The COVID-19 pandemic is drastically changing ways of doing things — from working, banking, and shopping and now to commuting, as the economy gradually reopens and people return to work. Under the modified enhanced community quarantine that started yesterday in Metro Manila, Laguna, and Cebu City, the ban on public transport remains, but biking and nonmotorized modes are encouraged.
Even under the general community quarantine (GCQ) already in effect in the rest of the country, the Department of Transportation is mandating the reduction of passenger load for mass transport such as buses and jeepneys by as much as 50 percent, leaving many commuters no choice but to find other means of mobility, such as bicycles.
The Pasig City government has, as usual, been a step ahead in this direction. It declared biking an essential form of transportation as early as March 25, or shortly after Luzon was put under enhanced community quarantine (ECQ). A day after the ECQ was imposed, the city government repurposed its Pasig Bike Share, which had been in place since March last year, by offering frontliners the use of bicycles to help them get to work. It also asked for bicycle donations and worked with volunteer group Life Cycles PH to connect frontliners with bike donors, ensuring that critical health services were unhampered despite the lockdown that prohibited mass public transportation.
Ahead of the transition to GCQ, where public transport is still very limited and capacity substantially reduced to minimize human-to-human contact and possible exposure to COVID-19, Pasig is looking at biking as a long-term solution. It has announced steps to make the city even more friendly for bikers and pedestrians. Last May 10, road works to extend sidewalks and add bike lanes were started in three areas: Market Avenue, Caruncho Avenue, and Amang Rodriguez Avenue. It has also ordered concerned departments to identify key locations where bicycle infrastructure can be improved.
Biking has never been mainstream in the Philippines, where it is mostly viewed as either a “poor man’s ride,” a hobby or, bafflingly, as a “no-contact sport” — like how government officials referred to it during a recent press briefing on the GCQ.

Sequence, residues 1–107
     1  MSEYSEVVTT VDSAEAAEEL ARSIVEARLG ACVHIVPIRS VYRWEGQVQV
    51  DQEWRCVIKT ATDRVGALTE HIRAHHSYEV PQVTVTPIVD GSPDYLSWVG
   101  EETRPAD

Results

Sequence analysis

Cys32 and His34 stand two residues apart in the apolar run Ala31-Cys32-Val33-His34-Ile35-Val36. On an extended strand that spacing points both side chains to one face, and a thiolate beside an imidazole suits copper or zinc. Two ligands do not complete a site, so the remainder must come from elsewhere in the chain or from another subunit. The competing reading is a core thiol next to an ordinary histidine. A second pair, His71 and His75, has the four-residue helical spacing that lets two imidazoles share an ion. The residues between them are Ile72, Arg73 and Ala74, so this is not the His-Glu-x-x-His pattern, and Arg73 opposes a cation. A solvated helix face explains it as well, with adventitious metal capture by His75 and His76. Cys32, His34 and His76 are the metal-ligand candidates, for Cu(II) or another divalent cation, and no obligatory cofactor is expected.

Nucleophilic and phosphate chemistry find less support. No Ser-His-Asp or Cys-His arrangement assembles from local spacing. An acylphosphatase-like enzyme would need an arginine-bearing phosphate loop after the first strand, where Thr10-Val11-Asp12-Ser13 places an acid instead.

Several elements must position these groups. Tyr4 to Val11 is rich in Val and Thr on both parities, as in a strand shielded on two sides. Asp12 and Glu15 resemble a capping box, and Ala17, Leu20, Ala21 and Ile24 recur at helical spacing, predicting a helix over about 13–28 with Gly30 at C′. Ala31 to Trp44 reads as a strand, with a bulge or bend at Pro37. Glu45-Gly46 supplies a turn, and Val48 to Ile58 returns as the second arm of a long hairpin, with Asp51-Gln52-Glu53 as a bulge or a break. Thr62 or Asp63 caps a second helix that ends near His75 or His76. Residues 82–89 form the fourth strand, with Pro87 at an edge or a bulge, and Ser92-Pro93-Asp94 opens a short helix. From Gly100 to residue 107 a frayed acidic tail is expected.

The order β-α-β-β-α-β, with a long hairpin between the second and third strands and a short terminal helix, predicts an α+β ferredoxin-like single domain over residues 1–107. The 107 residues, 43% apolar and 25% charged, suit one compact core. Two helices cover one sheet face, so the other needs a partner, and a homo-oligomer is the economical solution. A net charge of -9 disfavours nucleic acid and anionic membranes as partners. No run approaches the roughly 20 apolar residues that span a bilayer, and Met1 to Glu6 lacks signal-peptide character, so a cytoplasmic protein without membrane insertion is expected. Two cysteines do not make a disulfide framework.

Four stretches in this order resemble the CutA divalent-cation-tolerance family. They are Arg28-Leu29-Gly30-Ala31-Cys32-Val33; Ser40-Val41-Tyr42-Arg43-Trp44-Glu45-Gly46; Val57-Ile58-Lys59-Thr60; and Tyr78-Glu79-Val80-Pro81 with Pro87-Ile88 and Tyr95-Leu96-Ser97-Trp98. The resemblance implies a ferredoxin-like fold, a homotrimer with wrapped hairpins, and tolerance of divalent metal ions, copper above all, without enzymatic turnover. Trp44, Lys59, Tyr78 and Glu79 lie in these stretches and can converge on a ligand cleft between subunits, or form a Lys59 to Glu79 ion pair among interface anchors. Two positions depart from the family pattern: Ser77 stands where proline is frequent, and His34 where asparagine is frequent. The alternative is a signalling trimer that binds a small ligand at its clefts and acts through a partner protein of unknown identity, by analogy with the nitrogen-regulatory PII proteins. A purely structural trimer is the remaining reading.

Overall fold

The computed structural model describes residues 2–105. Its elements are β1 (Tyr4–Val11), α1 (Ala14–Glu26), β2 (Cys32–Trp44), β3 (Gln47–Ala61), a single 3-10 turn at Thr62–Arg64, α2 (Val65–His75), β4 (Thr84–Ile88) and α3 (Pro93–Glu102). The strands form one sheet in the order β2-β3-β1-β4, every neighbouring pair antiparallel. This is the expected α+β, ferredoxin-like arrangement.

The lack of a cohesive infrastructure plan, which in its current form is biased toward cars, has only further marginalized biking as a viable transport mode and made the practice quite dangerous. According to data from the Metropolitan Manila Development Authority, accidents involving bicycles and pedicabs killed 20 and injured more than 1,000 in 2019.
In the previous Congress, then Davao City Rep. Karlo Nograles filed House Bill No. 174 or the proposed “Bicycle Act of 2016,” which sought to build bicycle lanes or bike ways in main roads and highways. The bill languished in the House of Representatives committee on transportation. In the present Congress, there are at least 10 bills pushing for bike lanes and laws to protect bikers, but all are still stuck in the committee level.
Last year, the Asian Development Bank announced a $100-million loan to fund the Edsa Green-ways Project that will build elevated pathways for use by pedestrians and bikers, and will cover Quezon City, Makati, and Pasay. The project was greenlighted by the National Economic and Development Authority last January, but its status on the ADB website remains under “proposed.” The completion of this project would certainly boost moves to make the metro more bikeable, a setup that other crowded cities abroad have been able to achieve.
Bogotá in Colombia, for example, ranked the world’s most congested city last year, now boasts of 360 kilometers of bike routes that make it easier for its 8 million people to move around. Half of its households own at least one bicycle, and on Sundays, they have a “ciclovia” (cycle way), with cars banned from 120 kilometers of city roads.
The city’s “pico y placa” policy restricting specific license plates from roads at certain times is similar to Metro Manila’s number-coding scheme. Asian countries like Japan, Singapore, and Taiwan also have a thriving biking culture, where bikes are encouraged as an alternative form of transport complemented by safe road networks and an efficient transport system.
But the government need not look overseas for a success model. Marikina City — dubbed as the country’s “biking capital” — has a 52-kilometer bike lane network connected to offices, schools, malls, and the LRT Line 2 Station in Santolan, Pasig. The network was built in 2002 through a $1.3-million World Bank loan.
June 3 next month is World Bicycle Day. It is a golden opportunity for the government to promote biking as the new way to move people in the COVID-19 era. It is cheaper, faster, and certainly healthier for the biker, the environment, and the public in general — a revolution long overdue in our streets.
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